In this ambitious debut, the narration alternates between Satomi, a Japanese girl pushed by her mother to make her mark on the world, and Rumi, Satomi's American daughter who grows up in the mid-late 1960s believing her mother is dead. The novel is strongest at the beginning, as Satomi tells of her postwar childhood in a small Japanese village, the only girl without a father and the only girl with a talent: she is going to be a world-famous concert pianist. After her mother remarries, Satomi goes away to music school and, later, to Paris to perfect her craft. In Paris and back in Japan, Satomi falls in with the Western antique dealers who will eventually take her to the United States after her mother dies. The second half switches between the stories of Satomi and Rumi, who develops a skill at “reading” Asian antiques and begins to wonder about her mother when an old friend of her parents re-enters her life. Rumi's quest to unravel her tricky family history is absorbing, and even if it lacks the simple beauty of Satomi's coming-of-age narrative, Mockett succeeds where many others fail: making the reader care. (Oct.)
Library Journal
In her first novel, Mockett explores the relationships among three generations of women: Akiko, Satomi, and Rumi. Akiko urges daughter Satomi to put her talent as a pianist before anything else. Satomi has never known of her father, and that her mother has no husband is seen as a blight by many women in their small Japanese town of Kuma-ume. When her mother finally marries, Satomi's life is set on a course she has not planned. Satomi's daughter, Rumi, born and raised in San Francisco, grows up thinking that her mother has died. Rumi's talent, cultivated and encouraged by her father, is for authenticating Asian antiques. Like her mother, Rumi makes her talent her priority. But soon after she completes her college degree, Rumi begins having dreams and visions, which she believes to be the spirit of her mother calling to her. VERDICT Mockett's narrative is at its strongest early on, when she is telling Satomi's story. This imaginative take on a multigenerational novel will appeal to those who enjoyed Amy Tan's The Joy Luck Club.—Cristella Bond, Anderson P.L., IN\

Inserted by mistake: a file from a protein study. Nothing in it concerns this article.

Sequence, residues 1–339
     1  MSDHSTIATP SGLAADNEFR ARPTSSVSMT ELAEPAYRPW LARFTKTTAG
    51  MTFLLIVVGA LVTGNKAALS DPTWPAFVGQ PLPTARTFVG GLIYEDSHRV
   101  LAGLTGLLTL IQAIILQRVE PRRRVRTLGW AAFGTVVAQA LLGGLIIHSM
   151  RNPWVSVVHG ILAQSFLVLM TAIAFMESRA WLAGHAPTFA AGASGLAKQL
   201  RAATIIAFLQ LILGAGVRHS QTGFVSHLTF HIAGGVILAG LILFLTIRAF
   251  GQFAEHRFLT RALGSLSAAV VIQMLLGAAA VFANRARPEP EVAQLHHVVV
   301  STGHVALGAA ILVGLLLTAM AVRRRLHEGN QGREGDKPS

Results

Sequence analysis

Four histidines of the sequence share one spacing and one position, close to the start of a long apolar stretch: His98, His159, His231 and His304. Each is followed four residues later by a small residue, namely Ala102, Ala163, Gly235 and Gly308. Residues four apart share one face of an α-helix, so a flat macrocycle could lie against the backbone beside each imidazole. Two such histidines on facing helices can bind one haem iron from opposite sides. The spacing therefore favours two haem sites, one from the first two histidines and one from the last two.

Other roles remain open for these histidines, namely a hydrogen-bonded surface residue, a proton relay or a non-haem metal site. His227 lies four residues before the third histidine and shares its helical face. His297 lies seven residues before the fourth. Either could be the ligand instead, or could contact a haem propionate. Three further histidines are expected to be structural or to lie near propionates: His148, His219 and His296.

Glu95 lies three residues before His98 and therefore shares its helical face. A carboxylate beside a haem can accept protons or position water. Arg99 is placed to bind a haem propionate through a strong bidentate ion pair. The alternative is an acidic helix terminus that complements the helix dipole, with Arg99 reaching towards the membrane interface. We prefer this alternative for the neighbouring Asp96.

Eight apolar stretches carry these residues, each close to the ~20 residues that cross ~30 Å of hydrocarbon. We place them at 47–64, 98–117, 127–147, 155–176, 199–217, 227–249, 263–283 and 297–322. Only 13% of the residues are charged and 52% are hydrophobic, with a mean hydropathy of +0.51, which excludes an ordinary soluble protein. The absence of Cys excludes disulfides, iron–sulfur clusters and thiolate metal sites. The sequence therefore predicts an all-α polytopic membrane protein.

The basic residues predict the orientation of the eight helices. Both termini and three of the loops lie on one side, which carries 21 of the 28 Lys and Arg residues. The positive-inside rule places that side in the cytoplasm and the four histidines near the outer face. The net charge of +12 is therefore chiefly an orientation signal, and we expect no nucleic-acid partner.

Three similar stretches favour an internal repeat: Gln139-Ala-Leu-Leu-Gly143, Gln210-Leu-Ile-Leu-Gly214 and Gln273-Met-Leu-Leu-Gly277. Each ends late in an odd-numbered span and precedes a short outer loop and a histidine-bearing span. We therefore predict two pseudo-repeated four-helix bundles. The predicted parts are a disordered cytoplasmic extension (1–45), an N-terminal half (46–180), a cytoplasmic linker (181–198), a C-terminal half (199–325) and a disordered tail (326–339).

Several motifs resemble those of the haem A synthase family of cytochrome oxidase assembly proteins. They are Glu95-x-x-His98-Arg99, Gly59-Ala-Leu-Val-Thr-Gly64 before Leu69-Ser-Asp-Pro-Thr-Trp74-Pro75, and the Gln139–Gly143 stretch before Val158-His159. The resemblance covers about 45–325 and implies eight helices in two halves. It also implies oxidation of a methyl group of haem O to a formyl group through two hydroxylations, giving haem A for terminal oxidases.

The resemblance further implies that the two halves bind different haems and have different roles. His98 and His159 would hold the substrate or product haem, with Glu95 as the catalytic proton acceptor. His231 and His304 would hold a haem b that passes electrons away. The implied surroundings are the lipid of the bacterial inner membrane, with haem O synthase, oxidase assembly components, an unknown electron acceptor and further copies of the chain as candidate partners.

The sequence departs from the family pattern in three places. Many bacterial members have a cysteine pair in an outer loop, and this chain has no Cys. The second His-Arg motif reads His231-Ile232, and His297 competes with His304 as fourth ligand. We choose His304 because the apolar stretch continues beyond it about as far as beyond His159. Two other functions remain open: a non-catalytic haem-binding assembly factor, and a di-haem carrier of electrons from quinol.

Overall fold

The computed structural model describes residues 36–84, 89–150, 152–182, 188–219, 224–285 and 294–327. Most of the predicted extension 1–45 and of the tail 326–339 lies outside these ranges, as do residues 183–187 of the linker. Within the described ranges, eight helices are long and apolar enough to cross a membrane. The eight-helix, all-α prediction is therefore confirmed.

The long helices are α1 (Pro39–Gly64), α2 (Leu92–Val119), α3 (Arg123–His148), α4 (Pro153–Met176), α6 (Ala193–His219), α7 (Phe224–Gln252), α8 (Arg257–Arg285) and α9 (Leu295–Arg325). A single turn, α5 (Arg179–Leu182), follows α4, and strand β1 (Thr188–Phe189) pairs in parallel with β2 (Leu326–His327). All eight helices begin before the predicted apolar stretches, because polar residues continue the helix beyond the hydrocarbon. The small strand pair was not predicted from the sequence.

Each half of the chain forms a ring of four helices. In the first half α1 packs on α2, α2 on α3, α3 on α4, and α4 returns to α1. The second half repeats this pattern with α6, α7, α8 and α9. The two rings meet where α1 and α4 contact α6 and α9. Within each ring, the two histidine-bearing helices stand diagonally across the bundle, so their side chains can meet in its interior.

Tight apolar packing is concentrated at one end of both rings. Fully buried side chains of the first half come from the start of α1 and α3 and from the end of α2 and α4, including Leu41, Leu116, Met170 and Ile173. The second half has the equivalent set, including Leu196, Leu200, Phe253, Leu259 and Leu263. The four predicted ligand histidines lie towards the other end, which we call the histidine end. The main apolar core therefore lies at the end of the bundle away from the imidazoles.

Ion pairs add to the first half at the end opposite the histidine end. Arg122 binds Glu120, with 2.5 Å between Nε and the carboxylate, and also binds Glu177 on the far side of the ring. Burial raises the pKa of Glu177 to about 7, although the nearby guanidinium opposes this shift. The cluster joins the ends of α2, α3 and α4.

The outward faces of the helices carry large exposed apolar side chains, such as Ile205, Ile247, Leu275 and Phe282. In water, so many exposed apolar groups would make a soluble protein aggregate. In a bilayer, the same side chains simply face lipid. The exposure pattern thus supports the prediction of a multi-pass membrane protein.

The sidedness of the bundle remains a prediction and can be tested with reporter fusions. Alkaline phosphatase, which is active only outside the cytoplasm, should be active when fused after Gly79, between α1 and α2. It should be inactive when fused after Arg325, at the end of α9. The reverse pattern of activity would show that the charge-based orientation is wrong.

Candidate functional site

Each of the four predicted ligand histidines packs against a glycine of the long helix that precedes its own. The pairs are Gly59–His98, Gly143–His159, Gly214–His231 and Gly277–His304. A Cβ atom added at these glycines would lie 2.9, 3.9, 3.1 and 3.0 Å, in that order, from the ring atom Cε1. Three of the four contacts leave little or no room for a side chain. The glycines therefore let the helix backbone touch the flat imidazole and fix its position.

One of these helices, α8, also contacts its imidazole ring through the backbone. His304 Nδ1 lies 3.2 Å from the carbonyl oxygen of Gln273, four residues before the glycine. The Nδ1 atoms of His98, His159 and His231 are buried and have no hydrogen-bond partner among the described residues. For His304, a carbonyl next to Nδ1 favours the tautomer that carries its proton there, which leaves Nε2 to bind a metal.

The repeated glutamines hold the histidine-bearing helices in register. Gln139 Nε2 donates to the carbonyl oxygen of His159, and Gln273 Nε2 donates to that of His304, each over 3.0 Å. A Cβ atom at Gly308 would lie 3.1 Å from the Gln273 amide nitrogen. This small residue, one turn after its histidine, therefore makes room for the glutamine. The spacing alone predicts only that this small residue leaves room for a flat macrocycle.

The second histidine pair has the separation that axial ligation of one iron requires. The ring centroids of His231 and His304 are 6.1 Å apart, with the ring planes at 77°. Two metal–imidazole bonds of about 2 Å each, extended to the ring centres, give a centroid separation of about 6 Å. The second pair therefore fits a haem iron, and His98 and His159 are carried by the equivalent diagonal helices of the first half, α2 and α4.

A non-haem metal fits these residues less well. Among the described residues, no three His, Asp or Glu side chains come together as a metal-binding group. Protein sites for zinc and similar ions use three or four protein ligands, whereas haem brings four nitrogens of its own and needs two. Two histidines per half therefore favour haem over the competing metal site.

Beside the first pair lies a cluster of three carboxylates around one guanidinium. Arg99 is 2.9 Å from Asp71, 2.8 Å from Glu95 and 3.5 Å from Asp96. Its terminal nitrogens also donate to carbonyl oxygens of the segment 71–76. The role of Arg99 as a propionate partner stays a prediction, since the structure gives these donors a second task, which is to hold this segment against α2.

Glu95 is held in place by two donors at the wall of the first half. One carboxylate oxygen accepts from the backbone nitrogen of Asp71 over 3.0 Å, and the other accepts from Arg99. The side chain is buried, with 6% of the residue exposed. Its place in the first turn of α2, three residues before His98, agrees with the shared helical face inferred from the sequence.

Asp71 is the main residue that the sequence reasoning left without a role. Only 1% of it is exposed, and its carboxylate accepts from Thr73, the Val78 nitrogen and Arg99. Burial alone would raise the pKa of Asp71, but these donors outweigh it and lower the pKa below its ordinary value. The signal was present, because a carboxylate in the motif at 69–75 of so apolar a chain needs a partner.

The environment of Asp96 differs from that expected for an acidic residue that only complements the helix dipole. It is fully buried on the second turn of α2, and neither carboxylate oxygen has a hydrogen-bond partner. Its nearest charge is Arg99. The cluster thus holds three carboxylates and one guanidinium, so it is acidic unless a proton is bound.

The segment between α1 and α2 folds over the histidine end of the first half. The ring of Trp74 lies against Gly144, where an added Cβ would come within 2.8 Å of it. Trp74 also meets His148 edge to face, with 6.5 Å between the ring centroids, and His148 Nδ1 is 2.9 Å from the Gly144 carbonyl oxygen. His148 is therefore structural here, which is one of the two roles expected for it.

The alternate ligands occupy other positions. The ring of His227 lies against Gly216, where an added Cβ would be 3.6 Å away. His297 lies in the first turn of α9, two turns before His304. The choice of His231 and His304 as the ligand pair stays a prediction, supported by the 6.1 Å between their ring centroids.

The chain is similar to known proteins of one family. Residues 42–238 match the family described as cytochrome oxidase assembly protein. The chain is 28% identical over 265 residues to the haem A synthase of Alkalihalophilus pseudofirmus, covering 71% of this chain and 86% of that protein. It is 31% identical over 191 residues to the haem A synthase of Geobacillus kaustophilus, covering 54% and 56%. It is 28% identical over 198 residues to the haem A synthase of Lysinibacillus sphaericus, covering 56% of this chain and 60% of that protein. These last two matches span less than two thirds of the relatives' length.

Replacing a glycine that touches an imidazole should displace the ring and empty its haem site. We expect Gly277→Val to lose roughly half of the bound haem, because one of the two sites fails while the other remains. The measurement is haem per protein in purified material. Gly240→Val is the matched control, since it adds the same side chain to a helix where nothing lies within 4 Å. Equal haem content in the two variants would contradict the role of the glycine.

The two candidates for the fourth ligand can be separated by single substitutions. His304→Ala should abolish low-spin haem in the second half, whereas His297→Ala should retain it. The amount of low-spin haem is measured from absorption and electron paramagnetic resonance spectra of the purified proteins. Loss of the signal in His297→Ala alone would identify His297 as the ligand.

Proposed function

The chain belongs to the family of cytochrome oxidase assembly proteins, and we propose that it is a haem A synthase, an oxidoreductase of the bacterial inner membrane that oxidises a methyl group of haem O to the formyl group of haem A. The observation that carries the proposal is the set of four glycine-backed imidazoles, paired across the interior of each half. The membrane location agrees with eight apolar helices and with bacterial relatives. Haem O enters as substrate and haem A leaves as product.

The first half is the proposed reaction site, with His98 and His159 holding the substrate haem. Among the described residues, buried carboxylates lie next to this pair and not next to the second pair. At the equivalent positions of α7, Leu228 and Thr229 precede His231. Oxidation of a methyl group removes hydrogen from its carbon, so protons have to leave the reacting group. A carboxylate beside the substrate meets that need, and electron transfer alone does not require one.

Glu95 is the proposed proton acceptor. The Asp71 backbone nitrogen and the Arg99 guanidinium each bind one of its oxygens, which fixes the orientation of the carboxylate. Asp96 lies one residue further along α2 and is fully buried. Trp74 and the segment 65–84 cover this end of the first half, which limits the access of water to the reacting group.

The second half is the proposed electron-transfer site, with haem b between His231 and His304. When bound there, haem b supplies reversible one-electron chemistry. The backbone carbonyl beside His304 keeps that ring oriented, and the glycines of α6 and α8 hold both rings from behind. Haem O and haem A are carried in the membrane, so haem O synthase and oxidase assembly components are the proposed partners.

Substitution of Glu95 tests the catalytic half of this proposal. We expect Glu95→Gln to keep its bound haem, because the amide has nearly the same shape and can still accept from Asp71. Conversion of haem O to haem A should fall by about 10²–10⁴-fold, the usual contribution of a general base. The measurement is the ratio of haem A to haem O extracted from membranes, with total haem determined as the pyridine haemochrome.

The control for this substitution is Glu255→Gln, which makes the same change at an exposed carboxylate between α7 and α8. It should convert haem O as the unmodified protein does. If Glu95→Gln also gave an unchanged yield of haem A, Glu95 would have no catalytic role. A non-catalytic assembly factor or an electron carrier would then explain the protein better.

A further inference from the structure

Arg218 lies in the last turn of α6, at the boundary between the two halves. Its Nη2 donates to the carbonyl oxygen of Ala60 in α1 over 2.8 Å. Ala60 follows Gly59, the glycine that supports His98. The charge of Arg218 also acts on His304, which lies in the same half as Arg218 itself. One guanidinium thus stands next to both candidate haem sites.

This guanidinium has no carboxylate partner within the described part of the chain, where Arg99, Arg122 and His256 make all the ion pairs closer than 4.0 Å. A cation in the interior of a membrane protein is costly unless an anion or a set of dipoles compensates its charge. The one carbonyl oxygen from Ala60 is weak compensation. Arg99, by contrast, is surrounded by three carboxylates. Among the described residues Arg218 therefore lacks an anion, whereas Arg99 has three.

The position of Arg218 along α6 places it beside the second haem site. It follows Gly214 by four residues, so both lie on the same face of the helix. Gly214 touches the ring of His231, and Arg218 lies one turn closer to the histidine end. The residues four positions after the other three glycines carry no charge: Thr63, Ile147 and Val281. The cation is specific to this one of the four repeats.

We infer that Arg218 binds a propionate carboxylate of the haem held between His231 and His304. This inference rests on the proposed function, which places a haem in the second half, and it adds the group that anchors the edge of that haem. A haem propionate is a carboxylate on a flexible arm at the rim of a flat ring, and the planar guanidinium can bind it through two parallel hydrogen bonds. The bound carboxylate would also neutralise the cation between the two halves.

Kirkus Reviews